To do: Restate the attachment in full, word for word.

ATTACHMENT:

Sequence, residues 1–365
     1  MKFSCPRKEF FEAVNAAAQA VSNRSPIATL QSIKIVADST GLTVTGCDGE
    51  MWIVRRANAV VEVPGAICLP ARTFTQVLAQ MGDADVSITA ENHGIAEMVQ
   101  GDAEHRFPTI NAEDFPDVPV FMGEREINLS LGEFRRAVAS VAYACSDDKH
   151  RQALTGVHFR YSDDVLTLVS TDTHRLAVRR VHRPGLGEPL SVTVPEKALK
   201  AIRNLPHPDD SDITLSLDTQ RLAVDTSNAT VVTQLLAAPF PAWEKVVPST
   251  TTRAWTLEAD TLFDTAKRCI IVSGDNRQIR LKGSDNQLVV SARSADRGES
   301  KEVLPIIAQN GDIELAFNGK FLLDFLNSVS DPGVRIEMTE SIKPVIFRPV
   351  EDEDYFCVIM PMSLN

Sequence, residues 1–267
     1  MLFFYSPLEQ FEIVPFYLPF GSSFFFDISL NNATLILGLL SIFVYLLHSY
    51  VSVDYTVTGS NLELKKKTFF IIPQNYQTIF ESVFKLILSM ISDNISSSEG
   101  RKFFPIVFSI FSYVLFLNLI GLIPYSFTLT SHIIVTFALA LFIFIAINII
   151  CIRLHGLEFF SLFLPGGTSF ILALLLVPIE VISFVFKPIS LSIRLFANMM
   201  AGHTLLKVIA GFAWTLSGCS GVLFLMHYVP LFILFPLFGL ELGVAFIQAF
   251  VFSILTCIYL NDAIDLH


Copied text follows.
Sequence, residues 1–365
     1  MKFSCPRKEF FEAVNAAAQA VSNRSPIATL QSIKIVADST GLTVTGCDGE
    51  MWIVRRANAV VEVPGAICLP ARTFTQVLAQ MGDADVSITA ENHGIAEMVQ
   101  GDAEHRFPTI NAEDFPDVPV FMGEREINLS LGEFRRAVAS VAYACSDDKH
   151  RQALTGVHFR YSDDVLTLVS TDTHRLAVRR VHRPGLGEPL SVTVPEKALK
   201  AIRNLPHPDD SDITLSLDTQ RLAVDTSNAT VVTQLLAAPF PAWEKVVPST
   251  TTRAWTLEAD TLFDTAKRCI IVSGDNRQIR LKGSDNQLVV SARSADRGES
   301  KEVLPIIAQN GDIELAFNGK FLLDFLNSVS DPGVRIEMTE SIKPVIFRPV
   351  EDEDYFCVIM PMSLN

Sequence, residues 1–267
     1  MLFFYSPLEQ FEIVPFYLPF GSSFFFDISL NNATLILGLL SIFVYLLHSY
    51  VSVDYTVTGS NLELKKKTFF IIPQNYQTIF ESVFKLILSM ISDNISSSEG
   101  RKFFPIVFSI FSYVLFLNLI GLIPYSFTLT SHIIVTFALA LFIFIAINII
   151  CIRLHGLEFF SLFLPGGTSF ILALLLVPIE VISFVFKPIS LSIRLFANMM
   201  AGHTLLKVIA GFAWTLSGCS GVLFLMHYVP LFILFPLFGL ELGVAFIQAF
   251  VFSILTCIYL NDAIDLH